You can read a birth story and watch the film here. I may be biased but this is the most beautifully filmed/edited birth film ever: Madeleine’s birth

Here is another couple’s VBAC journey (have a tissue handy). This is the most likely outcome of a VBAC – particularly a homebirth:

Further Reading/Resources

Drawn To Birth

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I haven’t posted on here in a long time.  No posts I write feel right, so they sit in my drafts.  I just haven’t been very inspired lately. Since August, I have wondered why I do the work I do.  I am surrounded by pregnant women, by births that seem very unlikely I will ever [...]


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Nakita, 24
November 19 is my dad’s birthday. All throughout my pregnancy my dad said he’d love for the baby to be born on his birthday. I thought, “Oh gosh I better have had him before then.” Well November 19 rolled around and I was still pregnant so I thought “Ok, please let me have him today!!” We went down to Provo in the afternoon to hang out with my family and do birthday stuff. I felt crampy and was having Braxton-Hicks as always, but no more than normal. All day I was waiting for that first contraction but alas, nothing. We headed home after the birthday festivities were over. I was slightly depressed since I hadn’t gone into labor like I’d hoped. At about quarter to 11 I decided I’d go to bed since I wasn’t in a great mood and was quite tired. While lying in bed I flipped over to my other side and heard a little pop, water started leaking out. I though “Ok, so did I just wet the bed or did my water break?” I stood up and a whole lot more water came draining out, I then knew it was my water that had broken! I was ecstatic! That was how I was hoping it’d happen because labor almost always starts within 24 hours of your water breaking. I told Eric the good news and then called my midwife.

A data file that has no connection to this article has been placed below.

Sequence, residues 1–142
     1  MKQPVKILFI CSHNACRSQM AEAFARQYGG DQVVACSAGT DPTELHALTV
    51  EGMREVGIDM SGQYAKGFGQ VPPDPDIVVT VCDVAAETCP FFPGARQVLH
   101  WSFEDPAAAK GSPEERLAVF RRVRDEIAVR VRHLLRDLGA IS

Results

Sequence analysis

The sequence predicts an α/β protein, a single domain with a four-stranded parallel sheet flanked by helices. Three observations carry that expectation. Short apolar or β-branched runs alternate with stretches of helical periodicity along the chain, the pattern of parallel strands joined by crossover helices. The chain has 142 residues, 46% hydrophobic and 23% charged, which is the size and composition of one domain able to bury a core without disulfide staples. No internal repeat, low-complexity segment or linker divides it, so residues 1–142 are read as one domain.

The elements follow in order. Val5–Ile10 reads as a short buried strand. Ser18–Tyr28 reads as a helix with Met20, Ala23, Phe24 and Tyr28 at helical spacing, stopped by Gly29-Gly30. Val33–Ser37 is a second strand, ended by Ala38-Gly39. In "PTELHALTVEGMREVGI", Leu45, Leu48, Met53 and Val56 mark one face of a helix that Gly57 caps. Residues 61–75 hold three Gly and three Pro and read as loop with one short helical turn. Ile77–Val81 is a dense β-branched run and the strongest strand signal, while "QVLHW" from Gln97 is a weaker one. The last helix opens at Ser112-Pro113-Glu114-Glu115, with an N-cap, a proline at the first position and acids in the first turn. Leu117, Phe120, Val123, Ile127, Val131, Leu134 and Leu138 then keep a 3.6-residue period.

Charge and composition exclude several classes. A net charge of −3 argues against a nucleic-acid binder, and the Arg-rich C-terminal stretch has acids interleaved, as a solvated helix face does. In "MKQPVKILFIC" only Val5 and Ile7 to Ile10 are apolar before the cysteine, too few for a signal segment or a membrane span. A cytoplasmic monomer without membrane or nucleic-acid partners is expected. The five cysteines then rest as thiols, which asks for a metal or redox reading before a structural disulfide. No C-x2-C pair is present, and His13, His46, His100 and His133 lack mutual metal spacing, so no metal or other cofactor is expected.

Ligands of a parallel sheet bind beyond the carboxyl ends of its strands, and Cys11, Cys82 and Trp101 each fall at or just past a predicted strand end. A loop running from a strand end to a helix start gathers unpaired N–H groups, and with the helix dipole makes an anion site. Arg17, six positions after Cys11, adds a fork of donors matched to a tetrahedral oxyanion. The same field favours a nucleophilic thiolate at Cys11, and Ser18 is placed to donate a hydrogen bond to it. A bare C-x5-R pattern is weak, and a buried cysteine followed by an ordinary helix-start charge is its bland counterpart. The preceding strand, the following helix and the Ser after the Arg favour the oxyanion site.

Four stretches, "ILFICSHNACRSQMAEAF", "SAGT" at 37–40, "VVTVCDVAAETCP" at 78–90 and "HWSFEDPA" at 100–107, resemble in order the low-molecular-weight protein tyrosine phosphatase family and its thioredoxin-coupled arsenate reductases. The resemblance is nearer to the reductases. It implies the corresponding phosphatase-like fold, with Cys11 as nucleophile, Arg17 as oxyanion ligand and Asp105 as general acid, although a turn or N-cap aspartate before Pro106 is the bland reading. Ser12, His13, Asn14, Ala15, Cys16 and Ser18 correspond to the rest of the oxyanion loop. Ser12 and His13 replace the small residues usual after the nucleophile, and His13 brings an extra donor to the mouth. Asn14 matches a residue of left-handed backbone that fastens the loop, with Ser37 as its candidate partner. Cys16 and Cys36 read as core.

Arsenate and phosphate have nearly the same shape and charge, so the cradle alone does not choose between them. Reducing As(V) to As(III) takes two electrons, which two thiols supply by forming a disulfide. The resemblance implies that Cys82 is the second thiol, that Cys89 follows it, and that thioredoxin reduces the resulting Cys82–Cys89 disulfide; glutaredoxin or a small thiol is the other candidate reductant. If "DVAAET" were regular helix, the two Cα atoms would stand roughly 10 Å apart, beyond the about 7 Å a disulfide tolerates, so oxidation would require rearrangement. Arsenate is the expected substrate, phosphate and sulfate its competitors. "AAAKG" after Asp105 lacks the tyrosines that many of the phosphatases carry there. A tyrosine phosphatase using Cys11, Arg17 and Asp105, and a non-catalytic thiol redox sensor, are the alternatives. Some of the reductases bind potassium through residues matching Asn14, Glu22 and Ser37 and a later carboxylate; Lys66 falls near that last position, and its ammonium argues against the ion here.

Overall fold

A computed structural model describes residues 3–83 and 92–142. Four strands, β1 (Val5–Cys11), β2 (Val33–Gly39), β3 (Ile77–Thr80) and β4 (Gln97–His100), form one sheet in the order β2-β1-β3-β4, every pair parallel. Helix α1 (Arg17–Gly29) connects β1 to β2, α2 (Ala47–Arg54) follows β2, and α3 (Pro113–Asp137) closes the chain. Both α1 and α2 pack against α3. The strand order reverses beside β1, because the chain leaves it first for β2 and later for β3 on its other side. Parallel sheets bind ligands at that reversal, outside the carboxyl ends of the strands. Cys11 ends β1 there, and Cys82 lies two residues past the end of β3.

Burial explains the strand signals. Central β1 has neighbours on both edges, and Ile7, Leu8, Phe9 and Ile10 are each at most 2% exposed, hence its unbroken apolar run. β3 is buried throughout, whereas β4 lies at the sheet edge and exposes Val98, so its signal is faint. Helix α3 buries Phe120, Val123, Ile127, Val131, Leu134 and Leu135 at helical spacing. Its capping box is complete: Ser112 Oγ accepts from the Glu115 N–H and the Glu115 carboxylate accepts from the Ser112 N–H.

My midwife, Angela, is an apprentice midwife and so she told me that she needed to call the main midwife to update her on my status and would call me back but told me to try to get some sleep in the meantime before contractions started. She wanted me to again call her once contractions started or call in the morning (if nothing had started) and they’d have me come into the office and try to get things moving along. About 15 minutes later, Angela called me back to tell me that the midwife agreed with what she told me, to get some sleep, but contractions had already started, so I updated her on that. After I got off the phone Eric gave me a blessing through which I received a lot of comfort and reassurance. I knew I wasn’t alone in doing this and that everything would go as it should.
At about 11:30 contractions were about a minute long and coming every 5 minutes. I let that go on for an hour and then called Angela. She asked me some questions:
- Can you walk or talk through contractions? No, I have to lie down or lean on my birthing ball and it takes all my concentration to try to relax through them so I can’t talk.
- Where is the pressure located? Throughout my pelvis and a lot in my back.
She told me that it sounded like I needed to come into the birthing center. I got our bags and stuff together and we headed to Provo to drop my daughter Reese off at my parents. I had heard that many times contractions will stop while traveling because of the anxiety but mine just kept coming. By the time we got to my parents’ house contractions were every 3 minutes, lasting closer to 80 seconds. Things were going a lot faster than I had expected. I tried to tune out everything around me during contractions. I would fasten my chin to my right shoulder and concentrate on letting the pressure do the work of dilating my cervix and try not to fight against it.